Anyway, many, many moons ago when the world was young and fresh and full of surprises – for me, anyway – I discovered American English. Or, rather, I was dunked in it, like a reluctant digestive into a large cup of cold sick, immersed by virtue of where I worked. I discovered it was at times lazy (aluminium, chaps, aluminium), misunderstood and misused (no, you will not be with me momentarily, neither have you misunderestimated my capacity for rage and revenge) and sometimes simply made up on the spot. I know that powerpoint is a (fairly) new thing, but we could to do better than ‘bulletize’ when trying to convey the act of translating an idea or theme into or on to a powerpoint slide. After all, as a valued commentator pointed out to me, bulletise is what US infantry do to the Taliban. (Is that a little risque?)

So, it’s been a while, and – having escaped the clutches of the Americans – the horror of daily acquaintaince with what can only be described as the English Language Chainsaw Massacre was starting to fade. The dreams had almost stopped, I’d been weaned off the sedatives and my current boss’ inadvertent use of the not-word ‘foundationed’ in a live media interview resulted in little more than goosepimples and a slight dimming of my peripheral vision.

It was all getting better. Until today. Now, before I go and unveil this latest verbal atrocity which – yes – comes wrapped in the Stars ‘n’ Stripes with a billet doux from Uncle Sam – may I say that there is something even more insidious at work here. Which is that people I would consider perfectly sane, normal people – the sort of people that one might almost have a drink with (if they were paying) – seem to be perpetuating this nonsense.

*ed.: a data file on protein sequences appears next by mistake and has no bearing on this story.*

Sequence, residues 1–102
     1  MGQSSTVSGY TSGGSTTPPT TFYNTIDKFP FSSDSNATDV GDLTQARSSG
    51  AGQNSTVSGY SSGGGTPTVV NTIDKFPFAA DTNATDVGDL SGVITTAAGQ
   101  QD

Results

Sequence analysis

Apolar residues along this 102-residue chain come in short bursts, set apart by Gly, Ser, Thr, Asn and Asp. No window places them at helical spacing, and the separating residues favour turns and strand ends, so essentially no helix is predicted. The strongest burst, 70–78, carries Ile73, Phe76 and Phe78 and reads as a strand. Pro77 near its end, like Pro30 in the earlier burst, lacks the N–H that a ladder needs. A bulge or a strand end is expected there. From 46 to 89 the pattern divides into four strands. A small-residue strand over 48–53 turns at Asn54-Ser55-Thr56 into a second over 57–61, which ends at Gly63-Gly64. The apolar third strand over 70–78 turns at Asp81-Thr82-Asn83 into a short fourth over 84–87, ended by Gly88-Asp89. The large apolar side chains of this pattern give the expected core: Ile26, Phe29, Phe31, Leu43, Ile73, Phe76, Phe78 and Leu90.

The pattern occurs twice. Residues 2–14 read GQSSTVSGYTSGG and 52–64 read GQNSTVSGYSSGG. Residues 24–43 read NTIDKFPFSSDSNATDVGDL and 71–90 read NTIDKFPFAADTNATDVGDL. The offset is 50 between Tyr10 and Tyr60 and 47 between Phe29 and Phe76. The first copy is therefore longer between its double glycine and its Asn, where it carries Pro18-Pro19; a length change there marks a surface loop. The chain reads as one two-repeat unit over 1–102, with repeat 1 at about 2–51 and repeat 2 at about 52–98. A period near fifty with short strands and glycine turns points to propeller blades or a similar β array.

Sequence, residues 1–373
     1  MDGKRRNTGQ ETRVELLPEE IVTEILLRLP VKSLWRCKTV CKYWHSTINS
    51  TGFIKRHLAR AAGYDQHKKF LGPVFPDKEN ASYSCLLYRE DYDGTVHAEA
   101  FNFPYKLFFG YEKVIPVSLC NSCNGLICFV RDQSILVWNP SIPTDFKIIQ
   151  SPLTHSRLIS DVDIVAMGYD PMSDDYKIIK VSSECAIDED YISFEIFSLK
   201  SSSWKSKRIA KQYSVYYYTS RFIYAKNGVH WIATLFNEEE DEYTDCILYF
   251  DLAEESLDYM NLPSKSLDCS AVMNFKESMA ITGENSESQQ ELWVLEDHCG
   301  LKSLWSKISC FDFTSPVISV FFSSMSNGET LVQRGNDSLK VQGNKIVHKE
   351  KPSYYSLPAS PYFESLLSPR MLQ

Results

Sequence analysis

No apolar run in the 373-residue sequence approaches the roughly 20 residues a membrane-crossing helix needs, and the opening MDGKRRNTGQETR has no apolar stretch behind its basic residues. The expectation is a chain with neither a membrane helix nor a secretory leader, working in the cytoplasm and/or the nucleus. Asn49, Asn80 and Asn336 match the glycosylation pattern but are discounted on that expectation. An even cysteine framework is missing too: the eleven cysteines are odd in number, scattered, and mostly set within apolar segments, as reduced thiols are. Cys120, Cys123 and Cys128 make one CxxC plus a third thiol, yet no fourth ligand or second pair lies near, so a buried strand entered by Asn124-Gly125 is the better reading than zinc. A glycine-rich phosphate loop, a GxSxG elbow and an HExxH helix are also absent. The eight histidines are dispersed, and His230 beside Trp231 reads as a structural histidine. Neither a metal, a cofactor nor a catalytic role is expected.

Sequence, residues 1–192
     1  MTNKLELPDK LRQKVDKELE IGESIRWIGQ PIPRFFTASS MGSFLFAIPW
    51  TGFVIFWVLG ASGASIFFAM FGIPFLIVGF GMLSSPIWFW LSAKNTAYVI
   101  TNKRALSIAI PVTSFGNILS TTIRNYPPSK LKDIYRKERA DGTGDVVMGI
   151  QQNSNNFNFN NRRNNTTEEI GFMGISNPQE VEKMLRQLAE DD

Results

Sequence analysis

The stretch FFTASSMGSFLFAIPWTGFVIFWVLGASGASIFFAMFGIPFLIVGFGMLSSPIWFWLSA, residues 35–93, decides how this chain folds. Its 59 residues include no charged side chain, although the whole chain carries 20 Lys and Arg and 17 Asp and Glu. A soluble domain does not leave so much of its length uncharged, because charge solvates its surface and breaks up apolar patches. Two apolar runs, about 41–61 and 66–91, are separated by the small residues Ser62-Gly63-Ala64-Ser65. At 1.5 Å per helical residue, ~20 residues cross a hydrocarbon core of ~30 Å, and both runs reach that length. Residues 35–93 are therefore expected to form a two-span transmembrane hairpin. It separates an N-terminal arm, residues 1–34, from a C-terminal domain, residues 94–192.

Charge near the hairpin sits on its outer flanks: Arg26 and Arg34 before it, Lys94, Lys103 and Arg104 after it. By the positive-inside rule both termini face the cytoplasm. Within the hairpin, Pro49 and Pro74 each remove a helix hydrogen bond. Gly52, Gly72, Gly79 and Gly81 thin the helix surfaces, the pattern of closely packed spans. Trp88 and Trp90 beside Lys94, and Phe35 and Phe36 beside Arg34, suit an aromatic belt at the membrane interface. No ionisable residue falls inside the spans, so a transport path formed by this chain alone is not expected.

You all know the rules. You see a twisted or maimed word, phrase or construct and you put it out of its misery. You do not pass it on. You do not ‘like’ it. (Is is me or is the word ‘like’ too close to ‘lick’ for comfort? It simply backs up my deep-seated belief that the vast majority of people who are ‘liking’ things on the old social media are also the sort of people you find licking shop windows and moaning.) Anyway, this latest linguistic travesty came to my attention because people have been passing it on. Had they not, everything would be alright.

And here it is. I have removed the company name to spare its blushes. And to avoid the blog coming up in searches.

“Throughout November, employees in 30 offices spanning 23 countries will come together to support a variety of projects to help those in need and improve our local communities through volunteerism.”

Volunteerism. What – in the name of all that’s holy – is wrong with the perfectly acceptable word ‘volunteering’? I mean, it’s not like there was a gap in the dictionary where they word they wanted to use wasn’t, is it? There was a word, for God’s sake – a good one, one that’s been used before to great effect – but no, far better to make one up. And while you’re at it, why not make one up that sounds like a personality disorder? Excellent. Well done, you.

I’m just going to sit here quietly until the darkness goes away.

Apostrophic Errors

Morning all – this is a post for me, so apologies in advance – and it’s with regard to one of my pet hates (and, I am aware, a pet hate of many of yours, dear internet-dwelling word herders) – the misplaced apostrophe.

I am not going into this here, as you’ll know what I’m talking about and if you don’t, then it’s likely that you make apostrophic errors and, if I were you, I’d keep your head down, do da clickety onna linky and NEVER MAKE THESE MISTAKES AGAIN.

(In actual fact, I like this whole blog – Boggleton Drive – and so should you, dearest Blog Trotters. This stuff is important.)

(Even if the apostrophe post has a split infinitive in it. Mind, I was told recently that split infinitives don’t matter any more, so who am I etc etc etc.)